If your dog is having trouble catching on to basic obedience skills, it might be the result of training inconsistencies. Here’s what to do if you suspect your dog walker is to blame!
You love your dog walker. She treats your dog like her own and is more reliable than any other candidates you’ve found. Still, you can’t help but notice that despite your hard work, your dog’s training isn’t progressing as it should. Could your dog walker be to blame?
In many cases, the answer is yes. But before you start looking for someone new to take care of your pooch, let’s look at the ways your dog walker or pet sitter may be unknowingly hindering your dog’s training, plus some tips on how to solve the problem.
Your dog will notice any inconsistencies
When it comes to successfully training any dog, the most important component is consistency. If you are trying to train your dog not to pull on the leash, but your dog walker is happy to let your pooch pull her all over town, you’ll never succeed.
Even if you’ve told your dog walker not to let your pup pull, she’s unlikely to use the same training method you are. While you may train by stopping every time your dog pulls, your walker may react by yanking on the leash.
These kinds of mixed signals only serve to confuse your dog and halt your training progress. Talk to your walker to make sure you’re on the same page when it comes to training style.
The dark side of variable rewards
Another place inconsistency causes issues is with a concept known as variable rewards. For dogs and humans, variable reward schedules help entice us to keep performing a behavior even if we aren’t always rewarded for it.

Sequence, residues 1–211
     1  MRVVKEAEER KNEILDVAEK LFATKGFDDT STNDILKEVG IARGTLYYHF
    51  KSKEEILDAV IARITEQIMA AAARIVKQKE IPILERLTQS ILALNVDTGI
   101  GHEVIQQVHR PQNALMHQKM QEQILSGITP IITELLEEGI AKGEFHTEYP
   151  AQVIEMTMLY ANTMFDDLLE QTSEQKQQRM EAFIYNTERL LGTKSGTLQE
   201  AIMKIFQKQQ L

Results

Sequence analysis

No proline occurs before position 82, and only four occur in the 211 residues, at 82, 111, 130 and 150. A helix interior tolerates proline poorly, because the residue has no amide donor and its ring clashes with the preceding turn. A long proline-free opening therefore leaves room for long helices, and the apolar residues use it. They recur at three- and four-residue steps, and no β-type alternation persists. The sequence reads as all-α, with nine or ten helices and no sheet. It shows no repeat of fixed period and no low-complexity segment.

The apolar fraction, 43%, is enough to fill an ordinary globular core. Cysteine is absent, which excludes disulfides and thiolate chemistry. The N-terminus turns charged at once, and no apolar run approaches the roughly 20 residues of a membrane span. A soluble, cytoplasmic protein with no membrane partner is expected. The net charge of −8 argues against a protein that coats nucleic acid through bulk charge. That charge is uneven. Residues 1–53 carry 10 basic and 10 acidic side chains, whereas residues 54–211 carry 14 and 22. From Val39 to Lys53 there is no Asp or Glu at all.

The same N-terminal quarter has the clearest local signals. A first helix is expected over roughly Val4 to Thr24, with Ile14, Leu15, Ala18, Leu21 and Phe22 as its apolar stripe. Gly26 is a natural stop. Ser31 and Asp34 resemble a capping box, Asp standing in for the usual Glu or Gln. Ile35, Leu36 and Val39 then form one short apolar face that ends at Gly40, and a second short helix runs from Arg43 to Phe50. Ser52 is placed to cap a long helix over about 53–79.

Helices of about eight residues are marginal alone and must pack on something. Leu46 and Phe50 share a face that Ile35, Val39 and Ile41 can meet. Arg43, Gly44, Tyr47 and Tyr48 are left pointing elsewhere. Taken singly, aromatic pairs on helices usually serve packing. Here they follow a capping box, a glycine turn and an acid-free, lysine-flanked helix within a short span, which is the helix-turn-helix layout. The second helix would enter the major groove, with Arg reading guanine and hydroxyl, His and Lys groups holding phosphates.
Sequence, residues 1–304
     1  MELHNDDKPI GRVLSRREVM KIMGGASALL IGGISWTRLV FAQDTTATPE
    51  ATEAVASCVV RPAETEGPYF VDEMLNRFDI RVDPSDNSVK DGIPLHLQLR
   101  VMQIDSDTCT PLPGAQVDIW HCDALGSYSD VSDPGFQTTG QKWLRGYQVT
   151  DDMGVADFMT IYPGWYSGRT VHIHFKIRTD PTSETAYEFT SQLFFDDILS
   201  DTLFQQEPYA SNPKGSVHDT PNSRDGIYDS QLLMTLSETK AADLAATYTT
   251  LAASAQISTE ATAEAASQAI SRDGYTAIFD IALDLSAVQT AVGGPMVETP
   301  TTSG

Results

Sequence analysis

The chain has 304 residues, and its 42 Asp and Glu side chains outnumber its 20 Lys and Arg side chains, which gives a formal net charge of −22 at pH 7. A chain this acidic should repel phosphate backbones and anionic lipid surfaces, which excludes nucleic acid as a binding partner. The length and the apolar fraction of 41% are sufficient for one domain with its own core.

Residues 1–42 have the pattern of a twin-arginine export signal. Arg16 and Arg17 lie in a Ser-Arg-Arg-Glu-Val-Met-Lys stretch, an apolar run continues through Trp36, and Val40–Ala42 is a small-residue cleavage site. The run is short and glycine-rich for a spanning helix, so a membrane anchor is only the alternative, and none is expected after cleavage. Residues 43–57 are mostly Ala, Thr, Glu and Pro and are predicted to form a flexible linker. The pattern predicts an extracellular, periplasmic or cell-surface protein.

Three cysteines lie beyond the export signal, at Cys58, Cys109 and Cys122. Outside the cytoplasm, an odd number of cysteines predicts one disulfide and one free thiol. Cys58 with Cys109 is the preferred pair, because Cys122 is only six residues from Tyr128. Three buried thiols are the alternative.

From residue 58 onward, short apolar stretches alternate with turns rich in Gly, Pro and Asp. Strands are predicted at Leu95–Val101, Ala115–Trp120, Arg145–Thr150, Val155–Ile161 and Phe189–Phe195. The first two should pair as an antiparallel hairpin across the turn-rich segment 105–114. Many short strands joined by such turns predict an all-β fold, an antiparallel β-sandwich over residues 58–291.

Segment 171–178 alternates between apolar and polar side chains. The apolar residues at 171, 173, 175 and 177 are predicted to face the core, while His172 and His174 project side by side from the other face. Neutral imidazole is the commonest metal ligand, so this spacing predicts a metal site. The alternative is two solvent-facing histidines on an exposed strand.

Take the slot machine as an example. Each time you pull the lever, you have a very low chance of receiving a reward, yet you know there is some chance and so you go on pulling it.
Your dog is the same way. If you always ignore your dog when he jumps up, but your dog walker occasionally loves on them when they do it, your dog will continue to jump because he knows he’ll eventually be rewarded for it.
Handling an extinction burst
Another common phenomenon that’s likely to put you and your dog walker at odds is something called an extinction burst. Oftentimes, right before an unwanted behavior is about to go away for good, your dog will suddenly start doing it more.
If you see this happening as an owner, you need to stay consistent with your training method and know the unwanted behavior is about to disappear. But more importantly, you need to make sure your dog walker understands this too.
Communication is key
In the end, talking to your dog walker about all of these things is the most important step you can take. Show her exactly how you have been training your dog to walk nicer on a leash, and how she should react if your dog jumps up. Explain to her when to ignore your dog, and when and how to reward him.
If your dog walker is undoing your dog’s training, it doesn’t mean you need to look for a replacement. It just means it’s time to share with her all the hard training work you’ve been doing so she can help in that training instead of hindering it.